As the theocratic regime attempts to crush all opposition during the current nationwide insurrection, I have focused in my book on the moral and geopolitical perils resulting from Western political circles who have remained steadfastly detached from the reality of Iran. It should not require intellectual gymnastics to see that Iran’s leaders have forfeited any pretence of a mandate to govern, when security forces are battering and firing upon young women and even schoolgirls demanding relief from tyranny in over 300 cities; when poison gas is being used to contaminate young girls in schools across Iran, to teach them a lesson for participating in the uprising.  My hope is that by exposing years of complacency and appeasement by the EU, UK, Canada, the US and the UN, my book will send a clear message to western governments that the time has come to recognize the Iranian people’s struggle for regime change and to offer them unequivocal support. Let us not repeat the mistakes of the past by discounting the real democratic opposition, the MEK and the National Council of Resistance of Iran (NCRI).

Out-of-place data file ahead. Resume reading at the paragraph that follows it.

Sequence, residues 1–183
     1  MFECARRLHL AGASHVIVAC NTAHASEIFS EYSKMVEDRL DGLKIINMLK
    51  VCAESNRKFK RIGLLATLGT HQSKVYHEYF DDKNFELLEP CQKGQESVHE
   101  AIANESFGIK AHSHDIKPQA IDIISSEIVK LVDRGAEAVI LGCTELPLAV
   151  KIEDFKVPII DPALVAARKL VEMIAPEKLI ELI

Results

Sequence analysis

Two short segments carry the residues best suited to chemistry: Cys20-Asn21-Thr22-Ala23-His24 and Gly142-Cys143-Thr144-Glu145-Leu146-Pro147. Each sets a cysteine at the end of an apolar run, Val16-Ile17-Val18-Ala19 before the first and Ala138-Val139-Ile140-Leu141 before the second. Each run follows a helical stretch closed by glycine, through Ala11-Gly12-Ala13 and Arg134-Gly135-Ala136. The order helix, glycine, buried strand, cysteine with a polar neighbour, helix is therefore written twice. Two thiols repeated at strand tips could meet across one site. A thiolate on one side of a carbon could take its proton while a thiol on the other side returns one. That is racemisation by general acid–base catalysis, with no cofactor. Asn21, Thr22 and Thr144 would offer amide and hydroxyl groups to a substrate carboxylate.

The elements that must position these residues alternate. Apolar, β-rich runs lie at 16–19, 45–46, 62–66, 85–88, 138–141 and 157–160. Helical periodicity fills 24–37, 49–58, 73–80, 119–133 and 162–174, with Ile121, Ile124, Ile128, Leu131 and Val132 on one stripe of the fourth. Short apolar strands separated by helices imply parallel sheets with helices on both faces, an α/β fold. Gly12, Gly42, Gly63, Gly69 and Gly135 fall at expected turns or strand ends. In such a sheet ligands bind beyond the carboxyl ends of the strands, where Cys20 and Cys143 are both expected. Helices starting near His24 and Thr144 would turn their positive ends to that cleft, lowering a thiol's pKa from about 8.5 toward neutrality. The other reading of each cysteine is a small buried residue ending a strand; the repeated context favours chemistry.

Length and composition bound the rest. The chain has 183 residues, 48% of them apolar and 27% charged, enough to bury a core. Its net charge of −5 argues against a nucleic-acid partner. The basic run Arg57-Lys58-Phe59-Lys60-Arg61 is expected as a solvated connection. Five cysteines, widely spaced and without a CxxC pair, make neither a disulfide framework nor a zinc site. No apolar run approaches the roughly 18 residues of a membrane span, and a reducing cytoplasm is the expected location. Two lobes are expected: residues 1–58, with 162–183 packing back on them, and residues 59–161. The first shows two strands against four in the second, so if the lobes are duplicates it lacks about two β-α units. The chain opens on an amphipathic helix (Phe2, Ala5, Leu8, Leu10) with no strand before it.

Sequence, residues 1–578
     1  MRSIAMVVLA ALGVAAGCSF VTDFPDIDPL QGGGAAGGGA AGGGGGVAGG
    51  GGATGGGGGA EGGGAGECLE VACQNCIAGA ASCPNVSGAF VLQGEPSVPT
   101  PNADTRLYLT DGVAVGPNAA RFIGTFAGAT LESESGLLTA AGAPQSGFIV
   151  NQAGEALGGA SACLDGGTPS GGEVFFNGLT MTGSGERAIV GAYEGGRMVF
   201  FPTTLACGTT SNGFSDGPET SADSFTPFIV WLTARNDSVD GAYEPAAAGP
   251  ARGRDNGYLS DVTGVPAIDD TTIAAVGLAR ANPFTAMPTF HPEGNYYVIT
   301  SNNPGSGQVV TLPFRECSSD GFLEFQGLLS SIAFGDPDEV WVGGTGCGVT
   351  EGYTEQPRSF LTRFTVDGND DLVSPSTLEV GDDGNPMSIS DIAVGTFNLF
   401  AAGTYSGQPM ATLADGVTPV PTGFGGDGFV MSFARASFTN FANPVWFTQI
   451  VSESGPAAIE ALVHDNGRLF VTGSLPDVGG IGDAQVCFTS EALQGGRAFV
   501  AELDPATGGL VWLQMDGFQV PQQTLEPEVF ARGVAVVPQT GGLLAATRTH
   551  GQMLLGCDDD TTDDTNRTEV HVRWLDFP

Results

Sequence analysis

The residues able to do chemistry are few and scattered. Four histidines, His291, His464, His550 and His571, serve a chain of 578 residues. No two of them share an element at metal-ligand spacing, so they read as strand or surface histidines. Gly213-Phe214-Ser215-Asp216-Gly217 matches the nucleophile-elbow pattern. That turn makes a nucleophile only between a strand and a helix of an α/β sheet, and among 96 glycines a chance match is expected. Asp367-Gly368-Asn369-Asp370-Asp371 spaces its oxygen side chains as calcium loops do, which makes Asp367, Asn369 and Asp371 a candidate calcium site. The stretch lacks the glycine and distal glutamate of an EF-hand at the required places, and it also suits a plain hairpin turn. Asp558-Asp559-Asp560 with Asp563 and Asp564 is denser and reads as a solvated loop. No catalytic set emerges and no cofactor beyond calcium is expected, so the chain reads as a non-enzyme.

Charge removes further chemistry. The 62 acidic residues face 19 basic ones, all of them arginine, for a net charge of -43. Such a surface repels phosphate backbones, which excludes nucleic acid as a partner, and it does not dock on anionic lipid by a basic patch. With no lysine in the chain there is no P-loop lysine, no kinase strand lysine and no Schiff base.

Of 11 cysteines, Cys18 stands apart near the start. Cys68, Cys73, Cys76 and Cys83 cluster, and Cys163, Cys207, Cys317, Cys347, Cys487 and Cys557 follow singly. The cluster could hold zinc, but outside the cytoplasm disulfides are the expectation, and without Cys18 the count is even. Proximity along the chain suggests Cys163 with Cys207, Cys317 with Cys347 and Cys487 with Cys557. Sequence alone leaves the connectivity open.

Threats, lies, warmongering, deploying terror gangs abroad and crushing dissent at home, are the hallmarks of this oppressive regime that massacred over 33,000 political prisoners, mostly supporters of the MEK, in 1988 alone. The courageous protesters and their Resistance Units, led from the start by extraordinary women, who risk their lives daily by demanding the overthrow of the mullahs, deserve the unequivocal backing of the West. The EU, UK and Canada must now follow America’s lead by blacklisting the IRGC and indicting Khamenei, Raisi, Rouhani, Zarif and the other tyrants, for human rights abuse and crimes against humanity. The time for weakness and appeasement is over. We should recall our ambassadors from Tehran and expel their diplomatic staff and agents from our territories. Only the overthrow of this tyrannical regime will avert a nuclear disaster and restore peace, justice and democracy to the Iranian people and the wider Middle East.